"At present, we have learned of the relevant situation from some reports ... We are paying attention to such reports," foreign ministry spokeswoman Zhang Qiyue said on Tuesday at a regular briefing. 

She added: "We are trying to learn more about the situation." Zhang, however, insisted China was against proliferation of nuclear weapons.

"China's position on this issue is very clear. The Chinese government is firmly opposed to the proliferation of nuclear weapons and supports international non-proliferation efforts," Zhang said. 

China has joined international non-proliferation agencies,
including the Nuclear Non-Proliferation Treaty in 1992, but US
intelligence officials concluded years ago that China aided Pakistan in building its first nuclear weapon until the 1980s. 

Sanctions

Washington regularly imposes economic sanctions against Chinese companies for selling weapons technology to other countries, including Pakistan. 

"China's position on this issue is very clear. The Chinese government is firmly opposed to the proliferation of nuclear weapons and supports international non-proliferation efforts."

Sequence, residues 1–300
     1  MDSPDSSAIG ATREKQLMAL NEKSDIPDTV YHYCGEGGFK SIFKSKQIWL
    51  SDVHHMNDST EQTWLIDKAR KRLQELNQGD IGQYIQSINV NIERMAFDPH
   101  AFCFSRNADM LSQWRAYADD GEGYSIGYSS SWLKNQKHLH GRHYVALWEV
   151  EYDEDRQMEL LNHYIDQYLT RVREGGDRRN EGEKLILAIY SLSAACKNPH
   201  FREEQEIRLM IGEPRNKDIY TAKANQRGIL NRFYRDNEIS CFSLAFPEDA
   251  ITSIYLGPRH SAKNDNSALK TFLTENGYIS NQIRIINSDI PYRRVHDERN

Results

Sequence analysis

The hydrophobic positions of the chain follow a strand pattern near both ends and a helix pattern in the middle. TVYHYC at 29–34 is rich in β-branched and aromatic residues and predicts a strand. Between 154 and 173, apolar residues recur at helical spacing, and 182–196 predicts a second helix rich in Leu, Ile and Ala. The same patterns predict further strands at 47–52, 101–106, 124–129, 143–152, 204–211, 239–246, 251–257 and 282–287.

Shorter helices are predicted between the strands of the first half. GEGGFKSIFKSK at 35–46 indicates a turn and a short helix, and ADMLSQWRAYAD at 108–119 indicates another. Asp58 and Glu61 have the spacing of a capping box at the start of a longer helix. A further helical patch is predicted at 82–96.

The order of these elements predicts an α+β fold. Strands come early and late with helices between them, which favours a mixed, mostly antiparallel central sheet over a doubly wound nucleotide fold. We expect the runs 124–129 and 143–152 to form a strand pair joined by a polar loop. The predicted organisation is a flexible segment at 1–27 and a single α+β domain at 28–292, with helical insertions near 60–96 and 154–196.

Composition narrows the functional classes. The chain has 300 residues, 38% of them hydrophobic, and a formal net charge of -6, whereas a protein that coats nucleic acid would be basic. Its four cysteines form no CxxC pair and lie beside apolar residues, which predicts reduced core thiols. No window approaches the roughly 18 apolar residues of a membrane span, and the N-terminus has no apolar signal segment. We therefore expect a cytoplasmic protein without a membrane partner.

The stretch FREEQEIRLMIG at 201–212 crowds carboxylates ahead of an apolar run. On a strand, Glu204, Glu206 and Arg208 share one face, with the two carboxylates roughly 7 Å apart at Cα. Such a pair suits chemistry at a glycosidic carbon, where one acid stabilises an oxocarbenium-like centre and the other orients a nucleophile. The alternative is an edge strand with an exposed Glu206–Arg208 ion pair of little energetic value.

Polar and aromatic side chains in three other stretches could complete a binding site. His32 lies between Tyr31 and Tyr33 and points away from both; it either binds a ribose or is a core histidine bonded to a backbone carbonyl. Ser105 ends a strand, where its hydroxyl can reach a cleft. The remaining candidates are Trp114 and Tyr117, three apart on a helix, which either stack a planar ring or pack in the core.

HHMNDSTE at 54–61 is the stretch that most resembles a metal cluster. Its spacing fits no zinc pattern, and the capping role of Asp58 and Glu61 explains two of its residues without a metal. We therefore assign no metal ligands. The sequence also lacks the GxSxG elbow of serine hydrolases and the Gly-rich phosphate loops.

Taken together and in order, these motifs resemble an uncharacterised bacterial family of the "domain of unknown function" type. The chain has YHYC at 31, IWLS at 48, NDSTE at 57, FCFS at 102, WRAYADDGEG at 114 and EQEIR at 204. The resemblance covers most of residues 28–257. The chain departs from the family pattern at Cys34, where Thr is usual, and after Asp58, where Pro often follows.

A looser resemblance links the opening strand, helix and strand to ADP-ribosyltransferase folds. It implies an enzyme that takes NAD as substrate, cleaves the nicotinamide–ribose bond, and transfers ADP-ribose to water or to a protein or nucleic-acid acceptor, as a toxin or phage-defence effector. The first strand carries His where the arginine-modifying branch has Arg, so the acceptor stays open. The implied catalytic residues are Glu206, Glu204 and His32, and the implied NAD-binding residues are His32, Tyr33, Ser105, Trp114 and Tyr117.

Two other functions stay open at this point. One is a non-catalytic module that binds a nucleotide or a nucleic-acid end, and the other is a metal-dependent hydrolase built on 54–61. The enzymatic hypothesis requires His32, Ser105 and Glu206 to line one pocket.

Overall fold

Zhang Qiyue,
Chinese foreign ministry spokeswoman

On Sunday, the Washington Post reported that US officials had found documents which showed dramatic evidence of China's long suspected involvement in Pakistan's nuclear programme. 

It said the documents were found in Libya, some of which included text in Chinese, and contained detailed, step-by-step instructions for assembling an implosion-type nuclear bomb that could fit atop a large ballistic missile. 

The designs were sold to Libya by a Pakistani-led nuclear
trading network that is now the focus of an expanding international probe, the daily reported. 

Controlling exports

Zhang on Monday argued that China has been stepping up measures to control weapons exports. "China fulfills and strictly abides by relevant international non-proliferation responsibilities," he said. 

US President George Bush has
called for expanding the PSI

"In recent years, China has adopted a series of measures to improve and strengthen export controls." 

US Undersecretary of State John Bolton on Monday confirmed
weapons designs were found in Libya but refused to comment on Chinese involvement. 

He was visiting China to encourage Beijing to do more to stop the spread of weapons of mass destruction and to discuss the upcoming North Korean nuclear talks, on which Washington and Beijing are working closely. 

Bolton's visit was also aimed at garnering China's support for US President George Bush's proposal to expand the so-called Proliferation Security Initiative (PSI), which aims to intercept shipments of arms by land, air or sea.